The limited testing capacity in March and April means it is very likely that true case numbers at that time were much higher than shown in the chart. We are now able to perform around 10-15 times more tests dailythan at the start of the pandemic. The implementation of “Test and Trace” also means that we are testing more asymptomatic individuals now, and positive test results will now include individuals with only virus residues i.e. who have not been infectious for many days and potentially weeks. As such, the case numbers over recent months (on the right of the chart) are not directly comparable with those from earlier in the pandemic (the left of the chart). The level of adjustment needed for comparability is not at this stage clear, however, the dramatic rise in recent weeks, is of concern and it would seem likely to us that we are in a comparable position now (in terms of new cases) as where we were in mid to late March, albeit with a different age profile of cases. The worry as alluded to in our blog earlier this week is that cases, and deaths, are now rising in the older more vulnerable groups.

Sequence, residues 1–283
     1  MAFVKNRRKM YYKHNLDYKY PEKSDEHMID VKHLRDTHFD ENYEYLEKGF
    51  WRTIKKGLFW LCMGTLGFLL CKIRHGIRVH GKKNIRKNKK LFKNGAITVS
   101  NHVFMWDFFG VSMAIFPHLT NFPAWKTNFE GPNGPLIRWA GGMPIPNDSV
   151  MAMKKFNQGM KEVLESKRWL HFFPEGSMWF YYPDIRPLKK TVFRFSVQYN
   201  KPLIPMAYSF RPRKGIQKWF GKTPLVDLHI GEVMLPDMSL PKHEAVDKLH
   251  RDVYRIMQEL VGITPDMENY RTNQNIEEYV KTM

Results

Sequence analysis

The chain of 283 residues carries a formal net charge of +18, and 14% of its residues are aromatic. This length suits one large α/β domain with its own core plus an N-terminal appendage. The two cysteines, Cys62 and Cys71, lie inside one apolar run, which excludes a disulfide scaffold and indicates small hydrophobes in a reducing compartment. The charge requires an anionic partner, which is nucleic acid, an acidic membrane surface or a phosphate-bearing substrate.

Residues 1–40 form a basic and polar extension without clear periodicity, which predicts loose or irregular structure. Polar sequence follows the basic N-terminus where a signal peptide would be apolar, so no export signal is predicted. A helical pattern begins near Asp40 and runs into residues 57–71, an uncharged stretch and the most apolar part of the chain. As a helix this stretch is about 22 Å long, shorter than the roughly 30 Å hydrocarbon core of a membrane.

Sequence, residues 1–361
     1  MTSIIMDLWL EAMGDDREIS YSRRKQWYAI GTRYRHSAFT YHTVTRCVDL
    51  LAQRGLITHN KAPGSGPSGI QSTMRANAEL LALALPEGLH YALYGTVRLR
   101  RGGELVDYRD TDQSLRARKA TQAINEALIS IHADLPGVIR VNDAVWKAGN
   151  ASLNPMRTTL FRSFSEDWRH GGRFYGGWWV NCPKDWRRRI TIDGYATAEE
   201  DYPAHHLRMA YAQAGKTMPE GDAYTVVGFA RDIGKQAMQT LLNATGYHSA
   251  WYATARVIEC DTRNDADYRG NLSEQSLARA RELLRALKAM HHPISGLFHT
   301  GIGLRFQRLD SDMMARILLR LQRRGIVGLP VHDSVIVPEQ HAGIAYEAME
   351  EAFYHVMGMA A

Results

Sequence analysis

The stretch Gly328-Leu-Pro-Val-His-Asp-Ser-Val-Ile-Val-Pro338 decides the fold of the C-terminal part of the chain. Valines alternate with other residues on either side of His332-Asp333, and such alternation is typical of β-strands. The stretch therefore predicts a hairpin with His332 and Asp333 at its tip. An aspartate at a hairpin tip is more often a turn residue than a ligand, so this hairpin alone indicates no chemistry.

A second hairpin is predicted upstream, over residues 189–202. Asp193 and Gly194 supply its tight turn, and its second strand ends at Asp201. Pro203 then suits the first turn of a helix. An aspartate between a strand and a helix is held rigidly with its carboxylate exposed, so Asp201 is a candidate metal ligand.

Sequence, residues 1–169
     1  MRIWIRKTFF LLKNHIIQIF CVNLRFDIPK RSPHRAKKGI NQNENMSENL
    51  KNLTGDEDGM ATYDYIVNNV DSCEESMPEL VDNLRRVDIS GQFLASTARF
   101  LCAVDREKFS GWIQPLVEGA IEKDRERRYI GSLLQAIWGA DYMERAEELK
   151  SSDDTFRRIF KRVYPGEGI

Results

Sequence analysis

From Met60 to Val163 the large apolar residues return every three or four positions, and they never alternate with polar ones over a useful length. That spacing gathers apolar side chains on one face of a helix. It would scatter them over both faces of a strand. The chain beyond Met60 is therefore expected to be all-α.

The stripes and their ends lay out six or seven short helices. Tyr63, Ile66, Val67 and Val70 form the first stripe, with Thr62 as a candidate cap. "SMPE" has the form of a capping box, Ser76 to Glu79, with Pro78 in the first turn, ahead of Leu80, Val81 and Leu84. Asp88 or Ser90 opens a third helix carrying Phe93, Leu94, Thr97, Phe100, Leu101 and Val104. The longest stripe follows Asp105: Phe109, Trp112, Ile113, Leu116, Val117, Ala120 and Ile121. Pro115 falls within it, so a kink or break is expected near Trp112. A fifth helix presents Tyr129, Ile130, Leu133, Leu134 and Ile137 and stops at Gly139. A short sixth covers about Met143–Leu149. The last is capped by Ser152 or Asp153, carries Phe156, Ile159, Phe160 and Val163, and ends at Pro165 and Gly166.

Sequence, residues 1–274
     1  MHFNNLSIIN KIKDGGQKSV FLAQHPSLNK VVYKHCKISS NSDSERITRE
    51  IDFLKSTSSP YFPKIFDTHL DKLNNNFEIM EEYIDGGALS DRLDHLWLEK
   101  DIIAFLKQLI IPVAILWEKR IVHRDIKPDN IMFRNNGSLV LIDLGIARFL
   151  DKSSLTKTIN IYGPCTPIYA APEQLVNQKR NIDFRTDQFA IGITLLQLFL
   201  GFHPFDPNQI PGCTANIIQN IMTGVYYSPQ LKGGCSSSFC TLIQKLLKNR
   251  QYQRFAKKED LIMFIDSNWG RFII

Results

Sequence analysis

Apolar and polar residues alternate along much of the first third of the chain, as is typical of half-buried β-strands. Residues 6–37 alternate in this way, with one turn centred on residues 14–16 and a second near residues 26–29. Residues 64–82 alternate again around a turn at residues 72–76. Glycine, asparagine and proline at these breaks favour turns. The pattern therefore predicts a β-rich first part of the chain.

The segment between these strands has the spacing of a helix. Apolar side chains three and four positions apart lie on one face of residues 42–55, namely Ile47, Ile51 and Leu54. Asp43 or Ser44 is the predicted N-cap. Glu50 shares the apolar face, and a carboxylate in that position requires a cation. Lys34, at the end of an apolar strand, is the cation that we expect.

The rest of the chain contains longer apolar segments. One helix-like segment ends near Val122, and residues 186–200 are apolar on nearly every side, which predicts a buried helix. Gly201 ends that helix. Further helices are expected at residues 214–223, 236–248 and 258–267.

Looking at the most recent case numbers, we can see how the rolling seven-day average has continued to increase since last week. The sharp drop in most recent dates primarily due to the time-lag in obtaining testing results, as the figures are based on the specimen date. We would consequently expect the figures for the past few days to materially increase and therefore the analysis below ignores the data for the most recent days, and ‘steps back’ by 4 days. This is designed to strike a balance between showing as up to date pictures as possible, and as accurate a picture as possible, but we suspect some under-reporting remains in the most recent week used for these charts.